Recently, several provinces announced their back-to-school plans for this fall. While there are some variations, the common theme is that students will return to in-person learning, albeit with some restrictions.
Ontario plans to have all K-8 students in school on a full-time basis while most high school students will start out with a mix of in-person and remote learning. Schools will be required to keep students in cohorts and place desks as far apart from each other as possible in order to follow physical distancing guidelines.
Predictably, many teachers and their union representatives took to Twitter to denounce the reopening plan. Along with complaints that the government wasn’t spending enough money to hire additional teachers, critics argued that it would be nearly impossible to teach effectively while following the distancing regulations.
After all, they suggested, teachers don’t just stand in front of the classroom and lecture students like a sage on the stage. Rather, they act as a guide on the side, moving around the classroom helping students with their inquiry projects. Instead of putting students in rows facing the front, teachers use flexible seating that allows students to sit wherever they feel most comfortable. Students also work in collaborative groups where they share ideas and complete projects together.
These are well-known aspects of the progressive education philosophy. This approach de-emphasizes the teacher’s role in directly instructing students and encourages students to figure things out for themselves. Obviously, this type of classroom setting isn’t going to work very well in the COVID-19 environment. Things like flexible seating and collaborative groups make it difficult to follow physical distancing guidelines.
However, there is a simple solution to this problem—set up classrooms in a more traditional way. Put the desks in rows with students facing the front and have the teacher do most of his or her teaching at the front of the room. Make sure teachers set and enforce classroom rules and provide students with lots of opportunities to do individual practice work at their desks. Not only do traditional classrooms make it easier to follow health regulations, they are better for student learning.
There is no shortage of evidence to support this claim.
For example, Jeanne Chall was a professor in the Harvard Graduate School of Education and director of the Harvard Reading Laboratory for more than 30 years. In her final book, “The Academic Achievement Challenge: What Really Works in the Classroom,” Chall examined the research and compared the effectiveness of progressive student-centred education with traditional teacher-centred education. Her conclusion was clear.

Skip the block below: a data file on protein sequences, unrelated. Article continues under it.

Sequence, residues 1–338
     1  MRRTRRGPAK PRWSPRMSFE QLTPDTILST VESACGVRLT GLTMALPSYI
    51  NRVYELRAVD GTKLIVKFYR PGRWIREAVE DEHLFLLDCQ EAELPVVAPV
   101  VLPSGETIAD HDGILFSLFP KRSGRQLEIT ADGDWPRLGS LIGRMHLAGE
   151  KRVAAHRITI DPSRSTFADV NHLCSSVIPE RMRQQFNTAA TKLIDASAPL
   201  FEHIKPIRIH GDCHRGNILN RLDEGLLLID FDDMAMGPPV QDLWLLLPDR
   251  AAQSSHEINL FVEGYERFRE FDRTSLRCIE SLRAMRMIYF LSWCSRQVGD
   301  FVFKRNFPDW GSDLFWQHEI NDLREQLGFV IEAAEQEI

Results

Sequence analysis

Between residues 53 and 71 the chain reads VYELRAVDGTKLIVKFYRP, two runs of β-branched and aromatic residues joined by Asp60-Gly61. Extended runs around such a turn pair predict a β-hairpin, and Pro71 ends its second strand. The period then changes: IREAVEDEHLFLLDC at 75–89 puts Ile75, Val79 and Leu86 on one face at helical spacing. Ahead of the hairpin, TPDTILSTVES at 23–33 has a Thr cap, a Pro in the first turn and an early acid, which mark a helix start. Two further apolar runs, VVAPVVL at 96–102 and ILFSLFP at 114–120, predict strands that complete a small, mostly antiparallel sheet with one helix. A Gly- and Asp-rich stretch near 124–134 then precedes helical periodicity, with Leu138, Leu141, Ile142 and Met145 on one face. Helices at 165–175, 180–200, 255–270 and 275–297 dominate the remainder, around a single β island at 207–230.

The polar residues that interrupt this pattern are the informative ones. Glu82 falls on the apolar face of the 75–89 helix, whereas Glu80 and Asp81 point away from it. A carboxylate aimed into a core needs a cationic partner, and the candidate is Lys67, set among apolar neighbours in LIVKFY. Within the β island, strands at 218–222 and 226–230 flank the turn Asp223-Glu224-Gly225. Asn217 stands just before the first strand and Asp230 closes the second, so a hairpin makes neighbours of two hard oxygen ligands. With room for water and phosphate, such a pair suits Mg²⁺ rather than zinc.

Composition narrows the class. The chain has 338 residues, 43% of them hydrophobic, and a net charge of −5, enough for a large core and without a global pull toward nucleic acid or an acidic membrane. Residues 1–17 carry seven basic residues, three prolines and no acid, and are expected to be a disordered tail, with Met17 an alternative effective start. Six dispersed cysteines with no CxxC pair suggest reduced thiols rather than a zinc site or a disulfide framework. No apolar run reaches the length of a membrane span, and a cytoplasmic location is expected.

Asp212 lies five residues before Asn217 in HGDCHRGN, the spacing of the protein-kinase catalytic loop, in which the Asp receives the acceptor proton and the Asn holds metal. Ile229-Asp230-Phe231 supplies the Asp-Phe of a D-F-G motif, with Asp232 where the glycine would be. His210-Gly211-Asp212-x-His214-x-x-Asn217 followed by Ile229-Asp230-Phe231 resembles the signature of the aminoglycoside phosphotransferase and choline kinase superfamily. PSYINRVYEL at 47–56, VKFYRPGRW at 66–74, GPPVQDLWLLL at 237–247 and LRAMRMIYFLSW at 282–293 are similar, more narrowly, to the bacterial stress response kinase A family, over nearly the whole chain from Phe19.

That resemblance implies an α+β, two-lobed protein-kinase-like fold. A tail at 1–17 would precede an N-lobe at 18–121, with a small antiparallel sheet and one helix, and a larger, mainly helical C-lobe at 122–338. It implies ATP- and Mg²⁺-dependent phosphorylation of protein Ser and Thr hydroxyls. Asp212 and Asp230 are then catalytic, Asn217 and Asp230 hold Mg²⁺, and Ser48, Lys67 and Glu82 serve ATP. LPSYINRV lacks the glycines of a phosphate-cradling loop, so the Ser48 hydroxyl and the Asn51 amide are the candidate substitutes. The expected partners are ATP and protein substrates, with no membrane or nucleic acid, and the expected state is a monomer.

“Traditional, teacher-centred schools, according to research and practice, are more effective than progressive, student-centred schools for the academic achievement of most children,” stated Chall. Not only that, teacher-centred education was especially beneficial for students from disadvantaged backgrounds.
In contrast, teachers in progressive student-centred classrooms are expected to adapt their instruction to the individual learning styles of each student. As Chall pointed out, this is a highly inefficient way to teach because each student receives only a small amount of direct instruction time each day. In addition, it is difficult to give additional time to academically weak students while also providing individualized instruction to all the other students.
Over the years, a great deal of research has been conducted on what effective lessons look like. Teachers need to clearly explain new concepts, model how to solve problems, give students multiple opportunities to practice, and make sure students have mastered a new skill before moving on to the next level. In other words, they should make regular use of traditional, large-group, teacher-centred teaching methods.
Then there are the health benefits. Traditional classrooms are far more conducive to physical distancing than progressive classrooms. Putting the teacher at the front of the room helps the teacher maintain a 2-metre distance from students for the majority of class time. In addition, seating students in rows and facing them in one direction reduces the likelihood of COVID-19 being spread from student to student. Less group time and more individual work time also makes it easier to keep students apart from each other.
Obviously, when it comes to COVID-19, there is no such thing as a risk-free classroom environment. There is always the possibility of the virus spreading, even when students follow stringent distancing regulations. However, there is no question that it will be easier to keep students apart in a traditional classroom setting than in a progressive classroom setting. Not only will this keep students safer, it will help them learn more too.
For teachers who have always wanted to set up their classroom in a more traditional way but were prevented from doing so by progressive school administrators, the COVID-19 pandemic has given them the opportunity to do so. If more teachers embrace traditional teaching methods, it might even lead to a significant improvement in student achievement.
That would be a good thing for everyone.
Michael Zwaagstra is a public high school teacher, a senior fellow with the Frontier Centre for Public Policy, and author of A Sage on the Stage: Common Sense Reflections on Teaching and Learning.
Views expressed in this article are the opinions of the author and do not necessarily reflect the views of The Epoch Times.